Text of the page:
Let me begin this series with a story about why I even bother with the flipped classroom.
The student in my programming class looked me straight in the eye and said, “I need you to lecture to me.” She said, “I can’t do the work unless someone tells me how to get started and then shows me how, step by step.” I took a moment to listen and think. “Do you mean that you find the work hard and it’s easier if someone tells you how to start and…
September 1, 2013, 1:49 pm
Week 1 of the new semester is in the books, and with it the first week of the inverted calculus class. I am teaching two sections of this class, one that meets Monday/Wednesday/Friday and the other Tuesday/Thursday. It makes for tricky scheduling, but as I learned this week it also gives an opportunity for second chances, which is important if you don’t always get the in-class portion of the flipped classroom right.
People always seem to focus on the out-of-class experience when they talk about the inverted classroom. How much time does it take to make the videos? How do I make sure my students do the Guided Practice? But that’s not the hard part, nor is it the part where most of the learning takes place. The in-class experience for students is what makes the inverted classroom more than just a lab or a seminar course, and as the instructor, it’s both hard and crucial to get it …
August 25, 2013, 2:38 pm
In the last post, I said I might be taking a couple of weeks off, and I ended up taking three. Well, the week before classes start is basically a blackout period during which nothing gets done except course preps, so that’s why.
Yes, it all starts back up again here this week. This semester is going to be fuller than usual for a lot of reasons, three primary: First, I’m up for contract renewal in January, meaning that I am approaching the “midterm exam” at the halfway point toward tenure, which requires the usual aggregation of evidence demonstrating that I’m making satisfactory progress. Second, I’m teaching my first upper-level course since arriving at GVSU, one section of our Modern Algebra course, which I have not taught in a few years and I am anxious to get into it. I’m also trying out a new platform for classroom response systems in that course and I will tell you…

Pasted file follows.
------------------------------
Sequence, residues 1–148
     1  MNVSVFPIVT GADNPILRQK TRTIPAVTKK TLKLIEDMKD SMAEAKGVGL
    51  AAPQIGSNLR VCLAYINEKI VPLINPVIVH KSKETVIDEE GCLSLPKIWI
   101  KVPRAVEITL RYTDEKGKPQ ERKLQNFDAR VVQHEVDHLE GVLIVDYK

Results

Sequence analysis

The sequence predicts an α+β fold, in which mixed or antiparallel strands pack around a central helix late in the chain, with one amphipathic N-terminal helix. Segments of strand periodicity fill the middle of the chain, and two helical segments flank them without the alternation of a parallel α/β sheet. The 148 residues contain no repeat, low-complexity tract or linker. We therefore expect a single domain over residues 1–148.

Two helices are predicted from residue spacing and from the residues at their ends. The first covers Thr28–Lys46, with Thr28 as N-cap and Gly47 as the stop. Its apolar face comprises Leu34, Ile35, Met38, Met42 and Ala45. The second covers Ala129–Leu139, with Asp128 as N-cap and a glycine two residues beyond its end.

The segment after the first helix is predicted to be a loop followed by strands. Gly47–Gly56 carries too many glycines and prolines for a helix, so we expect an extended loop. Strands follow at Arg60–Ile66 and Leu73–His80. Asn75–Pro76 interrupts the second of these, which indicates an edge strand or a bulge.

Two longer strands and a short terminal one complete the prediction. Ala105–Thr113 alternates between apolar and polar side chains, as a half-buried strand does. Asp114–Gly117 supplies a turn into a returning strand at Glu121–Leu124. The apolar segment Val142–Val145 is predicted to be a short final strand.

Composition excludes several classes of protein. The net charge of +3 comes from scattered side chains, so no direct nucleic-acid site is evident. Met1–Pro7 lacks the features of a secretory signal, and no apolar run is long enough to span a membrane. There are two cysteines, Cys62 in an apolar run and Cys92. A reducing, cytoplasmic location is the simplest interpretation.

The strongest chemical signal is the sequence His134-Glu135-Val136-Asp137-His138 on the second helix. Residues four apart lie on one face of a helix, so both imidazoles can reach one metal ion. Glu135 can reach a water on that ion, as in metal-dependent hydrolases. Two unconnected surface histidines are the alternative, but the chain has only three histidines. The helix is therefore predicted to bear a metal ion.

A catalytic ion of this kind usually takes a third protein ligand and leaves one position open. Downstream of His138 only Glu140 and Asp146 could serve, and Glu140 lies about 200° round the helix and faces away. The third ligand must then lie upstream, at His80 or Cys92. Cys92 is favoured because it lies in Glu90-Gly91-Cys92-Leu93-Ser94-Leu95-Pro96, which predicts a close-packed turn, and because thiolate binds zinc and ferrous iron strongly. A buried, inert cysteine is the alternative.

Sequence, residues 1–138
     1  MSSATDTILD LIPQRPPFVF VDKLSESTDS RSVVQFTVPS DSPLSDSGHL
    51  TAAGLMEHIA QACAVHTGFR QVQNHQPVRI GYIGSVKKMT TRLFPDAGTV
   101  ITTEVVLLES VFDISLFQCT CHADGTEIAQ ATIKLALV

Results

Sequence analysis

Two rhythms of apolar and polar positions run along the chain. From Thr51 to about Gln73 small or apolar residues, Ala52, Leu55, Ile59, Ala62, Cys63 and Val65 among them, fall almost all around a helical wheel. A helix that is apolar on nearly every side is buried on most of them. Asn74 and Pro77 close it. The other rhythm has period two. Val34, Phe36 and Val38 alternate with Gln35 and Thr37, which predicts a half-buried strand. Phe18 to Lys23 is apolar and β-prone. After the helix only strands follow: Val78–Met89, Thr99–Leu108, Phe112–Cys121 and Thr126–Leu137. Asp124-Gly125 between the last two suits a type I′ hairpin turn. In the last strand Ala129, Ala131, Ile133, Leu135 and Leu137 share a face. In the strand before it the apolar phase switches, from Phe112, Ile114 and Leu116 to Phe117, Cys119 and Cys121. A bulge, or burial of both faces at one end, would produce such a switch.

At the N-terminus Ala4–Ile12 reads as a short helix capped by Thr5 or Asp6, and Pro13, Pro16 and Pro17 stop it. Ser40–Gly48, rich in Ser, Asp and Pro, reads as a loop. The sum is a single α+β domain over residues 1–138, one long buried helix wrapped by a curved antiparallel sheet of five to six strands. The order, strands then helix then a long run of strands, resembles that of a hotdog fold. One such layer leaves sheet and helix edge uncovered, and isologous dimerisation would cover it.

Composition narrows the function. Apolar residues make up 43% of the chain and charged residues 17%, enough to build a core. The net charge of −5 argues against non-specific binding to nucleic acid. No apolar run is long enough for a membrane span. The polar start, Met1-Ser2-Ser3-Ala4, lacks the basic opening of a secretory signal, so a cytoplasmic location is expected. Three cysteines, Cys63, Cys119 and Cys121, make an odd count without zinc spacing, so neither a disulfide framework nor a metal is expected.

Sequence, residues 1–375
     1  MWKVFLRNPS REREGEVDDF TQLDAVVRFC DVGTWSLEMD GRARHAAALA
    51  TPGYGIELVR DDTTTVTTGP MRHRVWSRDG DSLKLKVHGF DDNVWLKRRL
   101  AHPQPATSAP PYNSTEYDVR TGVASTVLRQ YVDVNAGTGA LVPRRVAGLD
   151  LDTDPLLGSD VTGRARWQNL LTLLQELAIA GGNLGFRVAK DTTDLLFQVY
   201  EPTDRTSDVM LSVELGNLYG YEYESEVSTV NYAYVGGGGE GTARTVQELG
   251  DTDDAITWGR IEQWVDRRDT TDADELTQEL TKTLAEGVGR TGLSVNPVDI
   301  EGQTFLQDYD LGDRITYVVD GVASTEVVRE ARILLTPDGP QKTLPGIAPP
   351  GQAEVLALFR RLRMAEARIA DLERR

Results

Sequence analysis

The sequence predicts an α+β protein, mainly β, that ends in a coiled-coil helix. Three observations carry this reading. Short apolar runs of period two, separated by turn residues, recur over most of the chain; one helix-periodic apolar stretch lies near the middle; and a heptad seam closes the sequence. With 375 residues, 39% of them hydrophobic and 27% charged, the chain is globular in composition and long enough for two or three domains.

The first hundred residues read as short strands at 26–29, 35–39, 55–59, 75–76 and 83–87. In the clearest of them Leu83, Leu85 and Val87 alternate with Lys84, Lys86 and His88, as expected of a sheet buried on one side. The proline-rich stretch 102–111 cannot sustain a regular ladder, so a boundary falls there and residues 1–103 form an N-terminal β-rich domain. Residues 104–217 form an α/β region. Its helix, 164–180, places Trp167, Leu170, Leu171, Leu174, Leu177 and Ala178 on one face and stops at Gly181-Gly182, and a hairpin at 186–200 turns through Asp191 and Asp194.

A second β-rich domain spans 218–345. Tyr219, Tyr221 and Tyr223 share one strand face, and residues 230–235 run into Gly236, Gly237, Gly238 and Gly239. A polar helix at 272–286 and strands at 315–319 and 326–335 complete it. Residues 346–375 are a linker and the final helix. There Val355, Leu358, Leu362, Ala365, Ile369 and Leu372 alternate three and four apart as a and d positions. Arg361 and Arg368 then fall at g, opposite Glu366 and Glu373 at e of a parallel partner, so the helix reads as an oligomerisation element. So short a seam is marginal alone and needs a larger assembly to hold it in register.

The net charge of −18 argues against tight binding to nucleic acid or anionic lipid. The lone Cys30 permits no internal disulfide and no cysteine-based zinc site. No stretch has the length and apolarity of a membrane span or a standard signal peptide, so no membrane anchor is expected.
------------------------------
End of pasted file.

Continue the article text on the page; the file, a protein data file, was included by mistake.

June 25, 2013, 12:04 pm
I’m at the American Society for Engineering Education Annual Conference right now through Thursday, not presenting this time but keeping the plates spinning as Mathematics Division program chair. This morning’s technical session featured a very interesting talk from Kathy Harper of the Ohio State University. Kathy’s talk, “First Steps in Strengthening the Connections Between Mathematics and Engineering”, was representative of all the talks in this session, but hers focused on a particular set of interesting data: What engineering faculty perceive as the most important mathematics topics for their areas, and the level of competence at which they perceive students to be functioning in those topics.
In Kathy’s study, 77 engineering faculty at OSU responded to a survey that asked them to rate the importance of various mathematical topics on a 5-point scale, with 5 being the…
August 13, 2012, 8:00 am
Allow me to make a shameless plug for a very cool project currently underway by my GVSU colleague Matt Boelkins. He is writing a free, open-source calculus textbook that will be available in PDF form online for anyone to use and for any instructor to modify. He has already written the differential calculus portion of the textbook — his Winter semester sabbatical project — and he’s about to begin work on the integral calculus portion. You can download the differential calculus parts here. This is at his blog, where he is promoting the book and soliciting feedback. Matt’s also on Twitter.
Matt and I have talked about this project a lot in the last several months, and I’m deeply impressed by his vision for what this resource could become. He sums it up in this blog post:
While on sabbatical during the winter semester of 2012, I began drafting a free, open-source calculus text….